From the Army and Navy Journal, Aug. 13, 1881, explanatory comments in yellow:
Crow King then said that if Reno had held out until Custer came, and then fought as Custer did, they would have whipped the Indians. The Indians would then have been compelled to divide to protect their women and children, and the whites would have had the advantage. He expressed great admiration for the bravery of Custer and his men, and said that the fight impressed the Indians that the whites were their superiors, and it would be their destruction to keep on fighting them. . . . Crow King said he had 2 brothers killed in the fight, that from 30 to 50 Indians were killed, and a much larger number who were wounded died afterward.
"The more I see of movement here (Little Big Horn Battlefield), the more I have admiration for Custer, and I am satisfied his like will not be found very soon again.”
~ Gen. Nelson Miles, Commanding General of the Army ------
"With our cherished ones deliverance within our grasp we waited breathless two hours, for the order that never came."
Crow King (Hunkpapa Sioux) gave his account of the LBH battle in 1881, published in the Leavenworth Weekly Times, and reprinted in The Custer Myth, my interpretive comments in brackets:
We were in camp and not thinking there was any danger of a battle, although we had heard [from the visiting Agency Indians] that the long-haired chief [Custer] had been sent after us. Some of our runners went back on our trail, for what purpose I do not know. One came back and reported that an army of white soldiers was coming, and he had no more than reported [this] when another runner came in with the same story, and also told us that the command had divided [on Ash/Reno Creek], and that one party [ie. Custer's 5 troops] was going round to attack us on the opposite side. The first attack [by Reno's battalion] was at the camp of the Uncpapa tribe. The shots neither raised nor fell. (here he indicated that the whites commenced firing at about 400 yards distance.) The Indians retreated -- at first slowly, to give the women and children time to go to a place of safety. Other Indians got our horses. By that time we had warriors enough to turn upon the whites, and we drove them to the hill [across the river] and [then] started back to camp.
Then the 2nd band of white warriors came. We did not know who was their chief, but we supposed it was Custer's command. The party [under Custer] commenced firing at long range. (Indicating nearly a mile.) We had then all our warriors and horses. There were 80 warriors in my band. All the Sioux were there from everywhere [having all left Reno to converge on Custer]. We had warriors [as] plenty as the leaves on the trees. Our camp was as long as from the fort to the lower end of our camp here. (More than 2 1/2 miles.) Sitting Bull and Crazy Horse were the great chiefs of the fight. Sitting Bull did not fight himself, but he gave orders. We [now] turned against this 2nd party [under Custer].
The greater portion of our warriors came together in their front [ie. south facing Calhoun Hill and cutting off Custer's retreat back to the Weir Peaks] and we rushed our horses on them [ie. charged them at Calhoun Hill]. At the same time, warriors rode out on each side of them [on the east and west sides of Battle Ridge] and circled around them [Keogh's battalion] until they were surrounded. When they saw they were surrounded, they dismounted. They tried to hold on to their horses, but as we pressed closer they let go [of] their horses. We [then] crowded them toward our main camp and killed them all. They kept in order and fought like brave warriors as long as they had a man left. Our camp was on Greasy Grass river. (Little Big Horn.)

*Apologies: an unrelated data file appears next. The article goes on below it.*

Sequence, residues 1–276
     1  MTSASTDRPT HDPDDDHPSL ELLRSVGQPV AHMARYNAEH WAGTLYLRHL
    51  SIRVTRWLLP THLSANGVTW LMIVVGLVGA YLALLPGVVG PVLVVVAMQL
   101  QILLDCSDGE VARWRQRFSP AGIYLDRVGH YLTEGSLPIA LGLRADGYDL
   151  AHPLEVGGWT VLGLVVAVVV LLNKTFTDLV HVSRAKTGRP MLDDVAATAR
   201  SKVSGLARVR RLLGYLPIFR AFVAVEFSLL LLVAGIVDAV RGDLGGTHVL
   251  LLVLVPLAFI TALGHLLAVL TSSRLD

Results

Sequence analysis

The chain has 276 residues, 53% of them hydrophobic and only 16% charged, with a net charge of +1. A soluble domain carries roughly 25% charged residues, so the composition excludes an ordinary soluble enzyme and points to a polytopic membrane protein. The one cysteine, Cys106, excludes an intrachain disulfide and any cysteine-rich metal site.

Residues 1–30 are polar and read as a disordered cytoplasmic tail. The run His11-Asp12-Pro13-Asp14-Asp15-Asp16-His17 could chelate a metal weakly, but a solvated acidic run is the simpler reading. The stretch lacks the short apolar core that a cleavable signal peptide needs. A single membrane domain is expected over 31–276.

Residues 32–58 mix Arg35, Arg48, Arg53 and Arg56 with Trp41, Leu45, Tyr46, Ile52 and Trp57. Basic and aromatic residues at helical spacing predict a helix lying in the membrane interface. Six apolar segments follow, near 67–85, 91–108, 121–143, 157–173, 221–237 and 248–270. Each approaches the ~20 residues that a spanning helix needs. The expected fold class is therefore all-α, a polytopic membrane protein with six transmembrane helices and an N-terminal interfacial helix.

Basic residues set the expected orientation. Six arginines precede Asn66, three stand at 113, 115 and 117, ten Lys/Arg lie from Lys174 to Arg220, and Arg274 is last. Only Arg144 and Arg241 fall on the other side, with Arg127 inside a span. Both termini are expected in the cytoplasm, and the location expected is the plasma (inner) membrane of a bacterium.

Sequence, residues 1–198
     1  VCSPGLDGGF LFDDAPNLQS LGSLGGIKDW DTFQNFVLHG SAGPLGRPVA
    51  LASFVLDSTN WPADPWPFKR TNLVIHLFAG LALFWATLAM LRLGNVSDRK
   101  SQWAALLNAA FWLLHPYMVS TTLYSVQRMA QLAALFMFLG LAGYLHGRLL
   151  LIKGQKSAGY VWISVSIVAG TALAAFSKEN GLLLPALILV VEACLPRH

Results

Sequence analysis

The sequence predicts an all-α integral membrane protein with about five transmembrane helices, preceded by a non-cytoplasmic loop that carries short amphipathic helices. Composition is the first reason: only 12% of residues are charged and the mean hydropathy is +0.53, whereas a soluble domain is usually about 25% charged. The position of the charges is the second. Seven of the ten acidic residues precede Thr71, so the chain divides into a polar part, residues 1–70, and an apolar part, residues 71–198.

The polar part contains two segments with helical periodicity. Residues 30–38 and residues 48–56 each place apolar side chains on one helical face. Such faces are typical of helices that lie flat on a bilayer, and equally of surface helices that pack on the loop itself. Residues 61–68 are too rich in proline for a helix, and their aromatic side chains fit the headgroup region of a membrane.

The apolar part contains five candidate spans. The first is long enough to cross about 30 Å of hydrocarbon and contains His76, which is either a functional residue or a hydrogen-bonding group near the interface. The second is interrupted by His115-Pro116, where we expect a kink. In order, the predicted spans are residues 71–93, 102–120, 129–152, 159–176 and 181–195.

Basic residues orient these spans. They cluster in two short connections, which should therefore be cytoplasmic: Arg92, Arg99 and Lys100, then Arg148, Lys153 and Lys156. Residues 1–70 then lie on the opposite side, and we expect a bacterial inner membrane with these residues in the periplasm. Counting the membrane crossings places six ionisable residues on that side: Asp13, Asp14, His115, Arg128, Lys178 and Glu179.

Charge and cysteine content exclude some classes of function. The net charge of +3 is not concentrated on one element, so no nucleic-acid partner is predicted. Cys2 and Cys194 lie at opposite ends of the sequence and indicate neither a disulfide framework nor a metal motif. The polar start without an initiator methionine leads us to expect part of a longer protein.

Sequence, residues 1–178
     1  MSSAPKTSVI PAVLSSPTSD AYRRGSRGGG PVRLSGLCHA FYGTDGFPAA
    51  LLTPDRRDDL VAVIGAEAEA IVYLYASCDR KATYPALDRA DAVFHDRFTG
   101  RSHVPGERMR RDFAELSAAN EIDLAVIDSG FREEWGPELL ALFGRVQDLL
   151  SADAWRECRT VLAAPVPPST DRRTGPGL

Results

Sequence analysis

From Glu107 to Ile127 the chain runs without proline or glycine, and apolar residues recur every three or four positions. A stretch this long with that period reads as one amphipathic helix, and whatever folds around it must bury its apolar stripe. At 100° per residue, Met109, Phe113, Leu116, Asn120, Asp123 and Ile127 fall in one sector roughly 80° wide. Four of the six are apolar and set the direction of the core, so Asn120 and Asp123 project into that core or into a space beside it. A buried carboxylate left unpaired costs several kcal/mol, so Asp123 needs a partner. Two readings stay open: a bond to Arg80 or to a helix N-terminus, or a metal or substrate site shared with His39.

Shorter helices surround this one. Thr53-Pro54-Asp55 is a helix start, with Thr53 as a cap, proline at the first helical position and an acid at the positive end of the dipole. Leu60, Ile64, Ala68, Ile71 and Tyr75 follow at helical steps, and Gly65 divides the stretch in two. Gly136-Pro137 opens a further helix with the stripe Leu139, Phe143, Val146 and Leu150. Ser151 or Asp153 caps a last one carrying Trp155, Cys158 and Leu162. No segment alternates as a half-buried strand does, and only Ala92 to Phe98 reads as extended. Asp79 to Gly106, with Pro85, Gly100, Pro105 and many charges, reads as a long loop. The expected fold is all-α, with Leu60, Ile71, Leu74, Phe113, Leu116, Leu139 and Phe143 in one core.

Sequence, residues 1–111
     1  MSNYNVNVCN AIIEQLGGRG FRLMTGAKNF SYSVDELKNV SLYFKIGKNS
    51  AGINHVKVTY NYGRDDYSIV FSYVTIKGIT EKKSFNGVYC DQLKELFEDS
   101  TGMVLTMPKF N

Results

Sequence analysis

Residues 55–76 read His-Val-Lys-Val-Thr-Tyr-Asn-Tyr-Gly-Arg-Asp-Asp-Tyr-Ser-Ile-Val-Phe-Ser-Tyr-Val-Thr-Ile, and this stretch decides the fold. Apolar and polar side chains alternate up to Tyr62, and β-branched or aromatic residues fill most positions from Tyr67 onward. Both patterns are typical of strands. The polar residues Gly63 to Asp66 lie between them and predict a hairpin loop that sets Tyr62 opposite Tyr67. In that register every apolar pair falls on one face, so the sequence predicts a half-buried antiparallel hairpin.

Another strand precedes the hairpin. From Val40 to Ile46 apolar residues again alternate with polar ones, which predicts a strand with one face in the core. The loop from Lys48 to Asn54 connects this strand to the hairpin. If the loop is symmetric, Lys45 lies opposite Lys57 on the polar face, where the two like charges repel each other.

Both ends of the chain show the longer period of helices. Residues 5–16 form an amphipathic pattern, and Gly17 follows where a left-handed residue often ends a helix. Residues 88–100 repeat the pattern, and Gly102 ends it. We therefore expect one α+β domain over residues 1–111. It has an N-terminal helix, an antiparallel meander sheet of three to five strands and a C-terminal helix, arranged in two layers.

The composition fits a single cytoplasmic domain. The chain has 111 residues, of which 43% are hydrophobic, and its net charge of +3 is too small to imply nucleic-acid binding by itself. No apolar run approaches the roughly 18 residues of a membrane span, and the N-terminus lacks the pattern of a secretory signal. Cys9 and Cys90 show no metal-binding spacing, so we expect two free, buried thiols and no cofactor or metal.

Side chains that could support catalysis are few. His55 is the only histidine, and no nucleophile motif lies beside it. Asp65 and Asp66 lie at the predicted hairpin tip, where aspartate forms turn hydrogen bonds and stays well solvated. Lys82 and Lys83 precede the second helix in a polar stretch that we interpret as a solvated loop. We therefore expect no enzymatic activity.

When we charged, every chief gave the cry "Hi-yi-yi." (Here, Crow Chief gave us the cry in a high, prolonged tone.) When this cry is given, it is a command to all the warriors to watch the chief and follow his actions. Then every chief rushed his horse on the white soldiers [both in Keogh's swale and on Last Stand Hill], and all our warriors did the same, everyone whipping another's horse. There was great hurry and confusion in the fight. No one chief was above another in that fight. It was not more than 1/2 an hour after the long-haired chief [Custer] attacked us before he and all his men were dead. [probably a reference here to the last 30 minutes of melee, hand-to-hand fighting as opposed to the length of the entire battle.] Then we went back for the 1st party [Reno's command on the bluffs]. We fired at them until the sun went down. We surrounded them and watched them all night, and at daylight we fought them again.
We killed many of them [note: Reno had about a dozen killed on the bluffs and 50 or so wounded]. Then a chief from the Uncpapas called our men off. He told them [that] those men had been punished enough; that they were fighting under orders; that we had killed the great leader and his men in the fight the day before; and we should let the rest go home. Sitting Bull gave this order. He said, "This is not my doings, nor these men's. They are fighting because they were commanded to fight. We have killed their leader. Let them go. I call on the Great Spirit to witness what I say. We did not want to fight. Long Hair sent us word [through the Agency Indians] that he was coming to fight us, and we had to defend ourselves and our wives and children." If this command had not been given, we could have cut Reno's command to pieces, [One wonder how? Since they failed to do so in the previous 24 hours.] as we did Custer's. No warrior knew Custer in the fight. We did not know him, dead or alive. When the fight was over, the chiefs gave orders to look for the long-haired chief among the dead, but no chief with long hair could be found. (Custer had his hair cut short before starting on this march.)
Crow King said that if Reno had held out [in the timber position in the valley] until Custer came, and then fought as Custer did, that they would have whipped the Indians. The Indians would then have been compelled to divide [their forces] to protect their women and children, and the whites would have [then] had the advantage. He expressed great admiration for the bravery of Custer and his men, and said that fight impressed the Indians that the whites were their superiors and it would be [to] their destruction to keep on fighting them. Both he and Low Dog said they they did not feel that they would be blamed for the Custer fight or its results. It was war; they were attacked; Custer tried to kill them; they killed him. Crow King said [that] he had two brothers killed in the fight [ie. Swift Bull and White Bull (Hunkpapas) killed during Reno's retreat from the valley west of the river], that from 30 to 50 Indians were killed, and a much larger number who were wounded died afterward.